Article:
A camp created for young women in Greensboro aims to get them involved in technology related fields.
The Smart Code of Life camp is a program geared towards teaching young girls subjects relating to science, technology, engineering, and math (STEM). Some of the things they learn include coding and neuroscience. The person responsible for teaching them is a student not much older than they are.
Ambica Ramchandra, a senior at STEM Early College at N.C. A&T, founded the camp with the goal of sharing her passions with other young women.
“There is beauty in pursuing unconventional activities,” said Ramchandra to the “News & Record.”
Smart Code of Life camp, which is free for students to attend, began in 2017. Ramchandra had the idea of combining her interests in neuroscience, entrepreneurship, coding and computer science. She felt that there was a lack of STEM focused camps and programs for middle school aged students, specifically young women.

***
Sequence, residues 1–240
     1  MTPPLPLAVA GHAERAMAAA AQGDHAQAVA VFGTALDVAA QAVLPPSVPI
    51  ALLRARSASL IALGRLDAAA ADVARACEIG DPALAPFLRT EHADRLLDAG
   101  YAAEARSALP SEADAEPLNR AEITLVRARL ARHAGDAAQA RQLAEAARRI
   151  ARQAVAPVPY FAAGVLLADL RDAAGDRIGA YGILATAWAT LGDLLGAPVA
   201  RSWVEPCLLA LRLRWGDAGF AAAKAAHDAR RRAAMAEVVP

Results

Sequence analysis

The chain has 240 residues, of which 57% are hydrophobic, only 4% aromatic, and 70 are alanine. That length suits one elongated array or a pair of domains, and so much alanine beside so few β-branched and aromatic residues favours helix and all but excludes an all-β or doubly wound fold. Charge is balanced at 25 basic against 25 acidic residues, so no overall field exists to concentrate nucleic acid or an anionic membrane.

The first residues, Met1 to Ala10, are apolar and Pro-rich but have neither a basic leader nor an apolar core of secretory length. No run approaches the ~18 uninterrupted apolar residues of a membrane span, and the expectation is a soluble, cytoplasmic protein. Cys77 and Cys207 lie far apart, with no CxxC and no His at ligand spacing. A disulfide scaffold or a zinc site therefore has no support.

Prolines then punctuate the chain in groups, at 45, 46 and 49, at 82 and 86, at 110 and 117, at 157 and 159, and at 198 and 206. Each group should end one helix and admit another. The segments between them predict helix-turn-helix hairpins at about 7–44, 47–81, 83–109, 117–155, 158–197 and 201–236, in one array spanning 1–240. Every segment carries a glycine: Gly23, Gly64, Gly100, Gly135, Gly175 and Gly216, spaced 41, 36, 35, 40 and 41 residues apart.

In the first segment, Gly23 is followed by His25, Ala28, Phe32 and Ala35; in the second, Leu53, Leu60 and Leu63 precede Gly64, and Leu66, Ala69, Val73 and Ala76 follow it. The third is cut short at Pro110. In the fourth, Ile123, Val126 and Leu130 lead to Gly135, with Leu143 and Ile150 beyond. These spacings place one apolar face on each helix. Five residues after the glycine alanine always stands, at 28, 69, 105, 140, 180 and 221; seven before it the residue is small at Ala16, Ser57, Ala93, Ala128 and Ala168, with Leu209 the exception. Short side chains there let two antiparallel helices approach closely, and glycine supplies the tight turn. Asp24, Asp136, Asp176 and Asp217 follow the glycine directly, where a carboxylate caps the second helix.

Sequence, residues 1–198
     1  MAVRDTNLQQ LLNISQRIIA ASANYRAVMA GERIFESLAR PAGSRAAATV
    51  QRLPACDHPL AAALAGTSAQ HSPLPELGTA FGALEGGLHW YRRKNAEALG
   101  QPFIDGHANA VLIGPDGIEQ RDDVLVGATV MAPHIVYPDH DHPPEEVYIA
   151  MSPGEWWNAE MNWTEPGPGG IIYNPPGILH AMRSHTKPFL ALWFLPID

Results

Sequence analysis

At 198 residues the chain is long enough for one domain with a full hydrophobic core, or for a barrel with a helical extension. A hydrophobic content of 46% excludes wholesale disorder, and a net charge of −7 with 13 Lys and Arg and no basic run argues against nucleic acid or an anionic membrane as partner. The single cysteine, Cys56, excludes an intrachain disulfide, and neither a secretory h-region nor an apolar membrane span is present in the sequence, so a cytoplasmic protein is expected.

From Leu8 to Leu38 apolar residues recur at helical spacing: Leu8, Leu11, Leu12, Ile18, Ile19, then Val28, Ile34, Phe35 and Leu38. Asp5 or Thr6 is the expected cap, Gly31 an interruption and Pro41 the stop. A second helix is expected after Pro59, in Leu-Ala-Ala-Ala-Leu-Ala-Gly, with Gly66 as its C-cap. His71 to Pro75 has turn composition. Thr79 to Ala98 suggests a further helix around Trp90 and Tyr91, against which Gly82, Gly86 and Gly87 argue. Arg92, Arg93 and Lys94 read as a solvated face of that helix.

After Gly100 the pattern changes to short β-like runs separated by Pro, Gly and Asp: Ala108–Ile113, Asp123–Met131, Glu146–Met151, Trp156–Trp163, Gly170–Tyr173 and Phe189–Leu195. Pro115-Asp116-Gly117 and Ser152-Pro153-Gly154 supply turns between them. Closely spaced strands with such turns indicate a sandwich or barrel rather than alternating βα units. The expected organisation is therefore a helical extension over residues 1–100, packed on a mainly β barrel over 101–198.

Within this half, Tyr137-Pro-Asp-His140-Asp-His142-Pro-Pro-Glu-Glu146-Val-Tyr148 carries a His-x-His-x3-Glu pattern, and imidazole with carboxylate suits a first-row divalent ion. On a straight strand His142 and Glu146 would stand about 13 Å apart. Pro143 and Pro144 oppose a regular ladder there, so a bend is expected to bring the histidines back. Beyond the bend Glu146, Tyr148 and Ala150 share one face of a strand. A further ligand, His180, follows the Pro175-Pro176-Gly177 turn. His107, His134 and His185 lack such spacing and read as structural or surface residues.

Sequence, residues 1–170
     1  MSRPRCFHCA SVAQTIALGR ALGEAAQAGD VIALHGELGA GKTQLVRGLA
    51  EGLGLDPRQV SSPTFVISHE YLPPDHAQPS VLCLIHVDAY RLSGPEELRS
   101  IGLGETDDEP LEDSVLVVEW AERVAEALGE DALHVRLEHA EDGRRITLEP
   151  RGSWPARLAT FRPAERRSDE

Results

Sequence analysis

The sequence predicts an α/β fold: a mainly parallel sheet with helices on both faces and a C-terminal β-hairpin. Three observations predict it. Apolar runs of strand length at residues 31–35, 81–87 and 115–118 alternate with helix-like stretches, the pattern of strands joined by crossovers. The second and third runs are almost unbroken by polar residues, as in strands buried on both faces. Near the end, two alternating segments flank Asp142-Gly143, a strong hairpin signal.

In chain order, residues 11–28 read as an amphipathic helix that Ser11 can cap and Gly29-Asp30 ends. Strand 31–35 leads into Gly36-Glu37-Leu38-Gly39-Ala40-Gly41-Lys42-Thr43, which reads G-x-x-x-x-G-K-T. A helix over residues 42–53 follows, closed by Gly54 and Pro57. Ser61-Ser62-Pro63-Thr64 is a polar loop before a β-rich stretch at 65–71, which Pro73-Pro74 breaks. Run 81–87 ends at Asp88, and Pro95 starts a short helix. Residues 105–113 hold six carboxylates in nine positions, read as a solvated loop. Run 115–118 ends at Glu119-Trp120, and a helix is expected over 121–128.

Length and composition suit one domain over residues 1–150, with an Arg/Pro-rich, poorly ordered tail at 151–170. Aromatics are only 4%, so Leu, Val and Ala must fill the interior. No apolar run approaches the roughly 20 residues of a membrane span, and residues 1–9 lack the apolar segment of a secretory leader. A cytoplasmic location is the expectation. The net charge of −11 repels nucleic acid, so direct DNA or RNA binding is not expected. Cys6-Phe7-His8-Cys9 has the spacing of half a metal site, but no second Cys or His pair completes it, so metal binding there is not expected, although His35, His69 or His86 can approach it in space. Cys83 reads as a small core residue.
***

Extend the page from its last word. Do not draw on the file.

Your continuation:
Over 20 young women attended the most recent camp held in a University of North Carolina at Greensboro (UNCG) computer lab. The National Center for Women and Information Technology donated a $3,000 grant for the 2018-2019 school year. The camp held in the fall of 2018 was specifically for refugee students.
The camp includes three hands-on curriculums for its attendees: a brain science curriculum relating neuroscience and technology, leading to the exploration of the “Internet of Things”; a technology curriculum utilizing the MIT App Inventor, a web application that helps beginner computer programmers ways to create software applications for the Android system; and an entrepreneurship curriculum focused on exploring the ways that STEM can make an impact on society.
The camp does not require participants to have coding experience, just a desire to learn.
Riya Kannan, an eighth-grader from the Academy at Lincoln with an interest in science and technology, heard about the camp through friends. She is really interested in the Internet of Things, which is included in one of the curriculums featured at the camp.
“It’s really cool how you can have objects talk to each other,” said Kannan to the News & Record. She has been an attendant of the camp since 2017, and last year her group made sensors for the visually impaired that aids in mobility.
Ramchandra wanted to show girls, “how easy it can be to code and to play around so they are not as scared anymore,” according to the News & Record. She hopes to expand the program to other communities, which is already being developed in Hillsborough and Fayetteville. She is also hoping to open a chapter when she starts college in the fall.